The Couch Trip
Image via Orion Pictures
Listen, Dan Aykroyd made a lot of movies in the 1980s, so much so that I’m not convinced he didn’t invent time travel. The Couch Trip casts him as a mental patient masquerading as a popular radio psychiatrist alongside Charles Grodin and Walter Matthau. It’s a little like the Michael Keaton / Peter Boyle film The Dream Team, only much less popular and with a more indecipherable title. The fact that Aykroyd starred in a film with Matthau is the kind of knowledge you’d arm yourself with to win a $50 gift certificate at bar trivia night, but unfortunately The Couch Trip isn’t good for much else.
The New Kids
Image via Columbia Pictures
Written by Jake Gyllenhaal’s dad and directed by the original Friday the 13th’s Sean S. Cunningham, The New Kids stars Lori Loughlin and Shannon Presby as a sister and brother who must do battle with a ruthless gang of 1980s Florida violence teens led by James motherfucking Spader. Tom Atkins is also running around in there, inexplicably playing Louglin’s father until he gets beefed in a car accident, setting the events of the film in motion. Think a teen slasher version of The Warriors and that’s close to what’s happens in the glorious 89-minute runtime of The New Kids, a film which may or may not end with Spader’s head getting lit on fire by a gas pump.
The Best of Times
Image via Universal Pictures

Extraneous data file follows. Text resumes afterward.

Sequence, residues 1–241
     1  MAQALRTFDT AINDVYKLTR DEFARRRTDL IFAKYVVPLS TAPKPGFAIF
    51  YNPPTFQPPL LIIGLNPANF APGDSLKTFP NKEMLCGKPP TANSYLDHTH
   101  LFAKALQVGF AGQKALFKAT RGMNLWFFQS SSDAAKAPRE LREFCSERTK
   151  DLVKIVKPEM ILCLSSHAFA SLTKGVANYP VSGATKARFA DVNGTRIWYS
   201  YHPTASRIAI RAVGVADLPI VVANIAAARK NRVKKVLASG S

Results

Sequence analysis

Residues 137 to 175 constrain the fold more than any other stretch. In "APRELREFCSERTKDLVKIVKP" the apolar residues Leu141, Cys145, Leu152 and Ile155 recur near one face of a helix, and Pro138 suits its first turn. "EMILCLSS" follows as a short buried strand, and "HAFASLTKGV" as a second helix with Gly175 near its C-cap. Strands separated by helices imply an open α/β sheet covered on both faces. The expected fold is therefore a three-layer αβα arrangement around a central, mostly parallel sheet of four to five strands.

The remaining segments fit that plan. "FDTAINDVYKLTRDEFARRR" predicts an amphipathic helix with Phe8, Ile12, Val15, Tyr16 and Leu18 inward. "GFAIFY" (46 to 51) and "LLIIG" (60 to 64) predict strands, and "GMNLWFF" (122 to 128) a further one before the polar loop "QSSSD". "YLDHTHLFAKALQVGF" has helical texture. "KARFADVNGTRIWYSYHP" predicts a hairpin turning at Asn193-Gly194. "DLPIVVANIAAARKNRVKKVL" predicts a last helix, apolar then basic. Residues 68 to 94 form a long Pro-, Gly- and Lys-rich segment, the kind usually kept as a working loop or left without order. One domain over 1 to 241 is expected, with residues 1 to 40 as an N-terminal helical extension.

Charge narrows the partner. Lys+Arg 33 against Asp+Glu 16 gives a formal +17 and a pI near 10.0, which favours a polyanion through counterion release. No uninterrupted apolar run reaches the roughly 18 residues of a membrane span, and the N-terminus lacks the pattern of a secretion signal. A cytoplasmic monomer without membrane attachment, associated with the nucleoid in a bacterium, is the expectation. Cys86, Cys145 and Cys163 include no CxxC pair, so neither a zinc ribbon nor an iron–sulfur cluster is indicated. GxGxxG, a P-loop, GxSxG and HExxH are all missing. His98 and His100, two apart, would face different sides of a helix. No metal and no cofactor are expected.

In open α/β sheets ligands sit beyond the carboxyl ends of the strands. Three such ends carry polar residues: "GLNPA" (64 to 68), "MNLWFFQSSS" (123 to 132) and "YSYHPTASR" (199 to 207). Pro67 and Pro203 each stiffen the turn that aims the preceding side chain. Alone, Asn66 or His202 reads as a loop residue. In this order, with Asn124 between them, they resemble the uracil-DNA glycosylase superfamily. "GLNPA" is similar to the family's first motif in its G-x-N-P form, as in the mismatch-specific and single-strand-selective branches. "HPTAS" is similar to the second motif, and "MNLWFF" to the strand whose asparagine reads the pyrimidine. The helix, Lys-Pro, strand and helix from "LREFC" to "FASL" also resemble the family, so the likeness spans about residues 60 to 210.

The fact that Robin Williams and Kurt Russell made a nostalgia-driven football movie about settling old high school scores in the mid-1980s and I somehow have never heard of it makes me want to turn myself in to the FBI. Williams stars as Jack Dundee, who dropped a potential game-winning pass from quarterback Reno Hightower (Russell) to end a game against their bitter rivals in a scoreless tie. Jack is convinced his life would’ve gone better if he’d caught the pass, and convinces everyone in town to restage the game 14 years later. Now, I understand feeling like you’re responsible for blowing one of the biggest moments of your life, but let’s be honest, Jack – the game ended in a scoreless tie. Everyone on the field should be ashamed of themselves, that’s the shittiest game of football two teams could ever play. Also if we could all please take a moment to meditate on the fact that Russell’s character is named Reno Hightower and be thankful that we get to share this knowledge with the universe.